Body Image – let’s talk. A few days ago, I watched a documentary about a mother and daughter’s shared passion for plastic surgery. Followed up by a documentary about a 16-year old girl who hates herself because she doesn’t look like the Instagram filters.
We all know the cure. We read the book. Listened to the podcast. “L0vE y0uRsELf” they all say. Yet we all still struggle with loving our bodies. Why? Because it’s just not that simple. Your body issues never started with you.
Girls don’t just wake up one day and decide to hate their body. They are taught to. Don’t tell us that looks don’t matter when society is saying the opposite. We are pedestaling and idolizing certain body types and certain looks everywhere we go.
So I’m not here to convince you – or myself – that it doesn’t matter to look good. Here’s why.
I’m a woman. I’m a dancer. I made a career out of visuals and aesthetics. I get booked – and not booked – based on skill, but definitely also on physical appearance.
It matters what I look like. And that’s why I’m not just gonna say: “Looks don’t matter, just love yourself”. Because it’s not that simple.
It matters to us to be and feel pretty. And that is okay.
But where we went wrong was the day we decided that there’s only one way to look pretty. Kylie Jenner set the tone years back. Big lips, a tiny waist, thigh gap, straight teeth, big butt, long lashes… we decided: That’s the definition of pretty.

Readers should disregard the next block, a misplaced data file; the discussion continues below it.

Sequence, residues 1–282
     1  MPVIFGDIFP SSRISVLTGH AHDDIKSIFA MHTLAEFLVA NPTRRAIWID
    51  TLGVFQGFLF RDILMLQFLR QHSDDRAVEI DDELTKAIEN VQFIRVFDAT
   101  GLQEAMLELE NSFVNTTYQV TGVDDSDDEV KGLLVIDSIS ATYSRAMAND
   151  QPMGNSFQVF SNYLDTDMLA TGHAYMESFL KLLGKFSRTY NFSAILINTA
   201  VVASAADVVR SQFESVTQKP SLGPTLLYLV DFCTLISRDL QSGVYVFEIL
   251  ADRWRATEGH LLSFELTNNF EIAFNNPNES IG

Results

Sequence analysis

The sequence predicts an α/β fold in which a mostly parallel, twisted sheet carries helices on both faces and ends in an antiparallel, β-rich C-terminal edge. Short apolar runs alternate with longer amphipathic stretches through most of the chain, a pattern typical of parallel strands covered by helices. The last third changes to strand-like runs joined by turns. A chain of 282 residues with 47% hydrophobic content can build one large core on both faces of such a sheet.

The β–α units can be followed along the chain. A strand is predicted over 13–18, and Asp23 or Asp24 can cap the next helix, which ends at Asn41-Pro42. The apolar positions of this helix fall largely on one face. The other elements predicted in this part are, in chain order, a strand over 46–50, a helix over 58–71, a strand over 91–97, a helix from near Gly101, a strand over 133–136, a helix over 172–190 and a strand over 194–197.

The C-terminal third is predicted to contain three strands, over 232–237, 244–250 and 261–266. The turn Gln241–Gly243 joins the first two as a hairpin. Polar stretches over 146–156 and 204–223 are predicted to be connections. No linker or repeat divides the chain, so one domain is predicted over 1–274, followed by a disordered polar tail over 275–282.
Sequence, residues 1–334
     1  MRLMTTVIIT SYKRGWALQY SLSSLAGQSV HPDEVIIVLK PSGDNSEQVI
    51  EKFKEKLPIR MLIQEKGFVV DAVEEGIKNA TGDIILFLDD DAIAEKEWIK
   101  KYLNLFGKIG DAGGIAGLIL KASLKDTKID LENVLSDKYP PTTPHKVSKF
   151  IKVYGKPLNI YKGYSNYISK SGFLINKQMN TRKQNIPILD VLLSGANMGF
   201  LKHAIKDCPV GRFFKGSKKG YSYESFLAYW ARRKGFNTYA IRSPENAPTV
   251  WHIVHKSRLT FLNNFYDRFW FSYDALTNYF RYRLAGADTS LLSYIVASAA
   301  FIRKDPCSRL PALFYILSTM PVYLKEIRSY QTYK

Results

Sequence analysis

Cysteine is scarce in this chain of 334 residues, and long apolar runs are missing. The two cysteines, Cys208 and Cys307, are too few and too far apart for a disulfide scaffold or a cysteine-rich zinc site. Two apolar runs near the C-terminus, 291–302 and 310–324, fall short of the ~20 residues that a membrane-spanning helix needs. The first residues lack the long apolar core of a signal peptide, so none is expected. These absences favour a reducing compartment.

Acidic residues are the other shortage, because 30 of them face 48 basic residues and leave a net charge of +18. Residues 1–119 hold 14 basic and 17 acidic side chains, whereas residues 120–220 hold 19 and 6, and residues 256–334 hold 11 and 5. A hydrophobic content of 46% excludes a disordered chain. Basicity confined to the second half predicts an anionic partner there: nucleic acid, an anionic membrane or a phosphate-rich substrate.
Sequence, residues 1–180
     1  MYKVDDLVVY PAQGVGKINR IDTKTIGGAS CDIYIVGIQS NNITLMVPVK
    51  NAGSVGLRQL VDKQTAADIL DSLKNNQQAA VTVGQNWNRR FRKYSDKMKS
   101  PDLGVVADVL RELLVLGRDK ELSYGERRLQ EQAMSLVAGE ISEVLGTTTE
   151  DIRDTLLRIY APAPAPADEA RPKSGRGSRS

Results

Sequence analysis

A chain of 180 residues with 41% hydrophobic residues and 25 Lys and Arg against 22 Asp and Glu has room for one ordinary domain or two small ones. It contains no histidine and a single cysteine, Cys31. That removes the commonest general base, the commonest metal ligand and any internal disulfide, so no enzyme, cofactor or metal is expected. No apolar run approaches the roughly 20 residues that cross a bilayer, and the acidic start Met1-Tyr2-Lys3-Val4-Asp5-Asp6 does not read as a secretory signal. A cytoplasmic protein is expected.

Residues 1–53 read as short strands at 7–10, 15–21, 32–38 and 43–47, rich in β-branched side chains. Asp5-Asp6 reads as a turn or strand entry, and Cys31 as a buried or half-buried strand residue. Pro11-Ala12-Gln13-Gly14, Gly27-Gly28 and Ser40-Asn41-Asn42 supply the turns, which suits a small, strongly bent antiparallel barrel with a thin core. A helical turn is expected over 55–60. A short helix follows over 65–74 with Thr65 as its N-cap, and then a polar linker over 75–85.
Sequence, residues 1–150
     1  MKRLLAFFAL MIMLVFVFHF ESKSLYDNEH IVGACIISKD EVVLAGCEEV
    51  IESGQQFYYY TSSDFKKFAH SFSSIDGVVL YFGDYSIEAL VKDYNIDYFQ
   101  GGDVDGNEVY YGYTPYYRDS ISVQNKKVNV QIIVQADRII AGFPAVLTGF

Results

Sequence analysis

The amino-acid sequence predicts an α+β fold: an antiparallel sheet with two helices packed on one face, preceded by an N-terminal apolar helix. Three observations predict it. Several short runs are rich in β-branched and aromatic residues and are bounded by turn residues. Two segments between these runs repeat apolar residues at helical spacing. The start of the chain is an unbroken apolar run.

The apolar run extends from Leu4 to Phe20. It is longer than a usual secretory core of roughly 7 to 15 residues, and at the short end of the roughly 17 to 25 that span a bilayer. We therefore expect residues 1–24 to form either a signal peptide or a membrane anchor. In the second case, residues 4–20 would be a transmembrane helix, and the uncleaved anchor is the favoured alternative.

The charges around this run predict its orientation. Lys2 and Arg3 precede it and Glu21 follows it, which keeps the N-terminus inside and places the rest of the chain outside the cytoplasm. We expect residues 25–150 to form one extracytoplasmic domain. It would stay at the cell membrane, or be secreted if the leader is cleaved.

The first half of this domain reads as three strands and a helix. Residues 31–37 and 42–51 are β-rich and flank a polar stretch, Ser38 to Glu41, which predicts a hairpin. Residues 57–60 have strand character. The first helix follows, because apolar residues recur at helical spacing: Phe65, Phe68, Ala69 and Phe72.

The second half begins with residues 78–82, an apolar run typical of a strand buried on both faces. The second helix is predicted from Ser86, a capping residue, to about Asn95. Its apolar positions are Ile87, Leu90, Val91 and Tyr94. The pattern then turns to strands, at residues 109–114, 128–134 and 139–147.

Enter the beauty industry stage left, who are making serious $$ on women’s bad self-esteem. Including bloggers and influencers. You can be as pretty as this edited photo, you can become happier, more successful and admired if you just buy the fat loss tea, the anti-aging cream, the lip kit etc.
(Psst, learn how to stop pedestaling people in this post!)
You will never look like the girl in the magazine
People with botox are selling anti-aging cream. People with butt injections are selling booty workout plans. Women with extentions are selling vitamins for hair growth. Tell me how it makes sense. Explain to me how this is healthy. You will never look like the woman in the magazine. The woman in the magazine doesn’t even look like the woman in the magazine.
A magazine where 50 % of the content is “how to love yourself” and the other 50% is “how to look younger”, “how to get a thigh gap” and “how to lose weight”. So don’t tell me that outer beauty isn’t important, when society is showing me the opposite.
This is what I hear a lot: “It is self-love to lose weight because it makes me love myself more”. But only loving yourself as long as you look a certain way isn’t self-love, it’s self destruction.
(Read “Why social media is damaging to young artist” right here!)
Stop making beauty your 1st priority
It’s okay to care about what you look like. But what absolutely breaks my heart is when you let it matter the most to you.
When you don’t go to the beach with your friends because you are embarrassed of how you look in a bikini. When you don’t go to that family barbeque on a hot summer day because you don’t want to show your legs in a dress. When you don’t buy the dream dress because it comes with spaghetti straps and your arms are “too big”. When you hold yourself back from having amazing sex with someone you love. When you settle for mediocure and shrink yourself.
That breaks my heart. If you’re holding yourself back from making incredible memories because you’re terrified of the jiggling and wiggling.
It should not matter the most. It should not rob us from the most important in life.
The best memories are not based on how hot you were
You don’t hold a memory in your heart because: